Uhm, because i’m making a rasterizer, a maximum polycount would be around 150.000 triangles (now my stress-test contains 345000), that is not much compared to newer games.

Now i’m using as a test a 69000 polys model, that is binned with your modified code in 19000 microseconds, according to the cudaprofiler…
that leads to a framerate of 21 fps against the old framerate of 32 fps… and i’m not counting the real rasterizing.

I set it up with 4096 cells with a side of 16 pixels, that can contain 64 indexes (exactly 1 mb VRAM)…
maybe as you say the simple sort is not much suited because a polygon mesh has highly localized data.

I made all those tests on a crappy 8600 GT (and win7)… maybe is this card that can’t manage well newer CUDA functions?


I think I have similiar problem. I am doing particle simulation of the polutant cloud and need to handle with different meteorological parameters in every point in time and 3D space for every particle :(
This leads to many uncoalesced reads and writes because plenty of particles randomly access the global memory where meteo is stored or access the same place.

Then I used the sorting trick from SDK particles - sorting by grid hash (based on my meteo grid) and doing some scans so I am able to group together particles with the same meteo params (or at least the same tile in the meteo grid). Then I am loading the meteo params to the shared memory and doing the interpolation there. It increases the speed a litlle bit comparing the firs approach - 2x - 2.5x. But the botlleneck I see is the same - still a lot of uncoalesced reads and writes beacause the particles position, velocities and other properties are now unordered from the point of the group of the same meteo tile (I do not sort whole particle structure as this will be quite expensive I think, only particle indexes are sorted together with the meteo tile hashes).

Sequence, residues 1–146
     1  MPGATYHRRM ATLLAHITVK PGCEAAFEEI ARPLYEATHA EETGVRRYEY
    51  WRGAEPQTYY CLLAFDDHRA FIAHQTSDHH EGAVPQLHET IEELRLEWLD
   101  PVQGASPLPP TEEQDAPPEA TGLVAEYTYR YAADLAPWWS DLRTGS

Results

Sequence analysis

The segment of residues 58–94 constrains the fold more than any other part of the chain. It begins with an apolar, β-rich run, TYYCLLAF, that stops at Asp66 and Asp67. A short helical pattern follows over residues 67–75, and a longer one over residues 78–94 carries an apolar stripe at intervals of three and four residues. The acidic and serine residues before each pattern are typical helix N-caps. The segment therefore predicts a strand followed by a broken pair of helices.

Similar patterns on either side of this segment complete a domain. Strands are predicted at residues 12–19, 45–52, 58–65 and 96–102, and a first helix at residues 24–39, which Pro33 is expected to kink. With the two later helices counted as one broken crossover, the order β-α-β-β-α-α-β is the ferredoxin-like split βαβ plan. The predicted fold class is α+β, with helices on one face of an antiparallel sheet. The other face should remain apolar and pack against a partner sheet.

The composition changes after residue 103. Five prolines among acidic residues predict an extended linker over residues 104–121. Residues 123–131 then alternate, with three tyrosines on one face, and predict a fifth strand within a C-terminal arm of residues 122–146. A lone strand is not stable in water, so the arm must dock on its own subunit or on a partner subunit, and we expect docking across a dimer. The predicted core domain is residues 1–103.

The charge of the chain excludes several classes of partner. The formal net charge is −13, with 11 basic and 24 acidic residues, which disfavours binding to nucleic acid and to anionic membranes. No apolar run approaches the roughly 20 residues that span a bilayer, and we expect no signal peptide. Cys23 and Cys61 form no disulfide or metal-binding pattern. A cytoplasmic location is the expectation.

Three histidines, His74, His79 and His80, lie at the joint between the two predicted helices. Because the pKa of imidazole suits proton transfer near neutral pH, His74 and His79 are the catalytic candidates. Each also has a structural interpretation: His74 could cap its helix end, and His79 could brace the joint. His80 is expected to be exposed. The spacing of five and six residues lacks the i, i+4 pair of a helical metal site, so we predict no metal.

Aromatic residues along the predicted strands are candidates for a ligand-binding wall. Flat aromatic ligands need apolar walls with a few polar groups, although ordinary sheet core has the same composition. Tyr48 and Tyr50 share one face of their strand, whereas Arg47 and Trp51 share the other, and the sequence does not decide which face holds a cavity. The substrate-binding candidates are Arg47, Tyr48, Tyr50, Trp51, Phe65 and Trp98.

Do you have some idea how to avoid the huge uncoalecsed RWs?

Just for info - I use 1M of particles for now but probably ther will be more (10M?).


Hmm. The 8600 GT only has 22 GiB/s of memory bandwidth. Just assuming a memory limited computation, that would make your test 7.27 times faster on the top of the line GTX 285, or it would probably run in under 2.6ms. That is pretty close to in line with the default 3D benchmarks of a similar particle number.

You are almost there. The particle sort is the really important thing. But to get the most benefit from it, you should read your particles by binding the data to a 1D texture and reading with tex1Dfetch.

Also, it is not critical, but a Hilbert curve sort of the particles leads to a few percent more performance than sorting by grid index alone. If you want more details, see the paper we published on MD simulations: http://www.ameslab.gov/hoomd/about.html#paper. Although, the hilbert curve sort is only a small section in the large paper.

In the end i think that i will just scatter as little information possible in each pixel ( triangle index, barycentric coords in triangle) to then delegate interpolation and the bulk of writes (normal, position, depth, velocity, etc etc) to a “pixel shader”.

In the end the whole thing wasn’t slow, i forget to align buffers… who knew that you have to specify it manually also if the size is 8 or 16 >.<
Now the brute-force rasterizer runs up to 70 FPS… i should retry also your rebin, maybe it has the same speedup.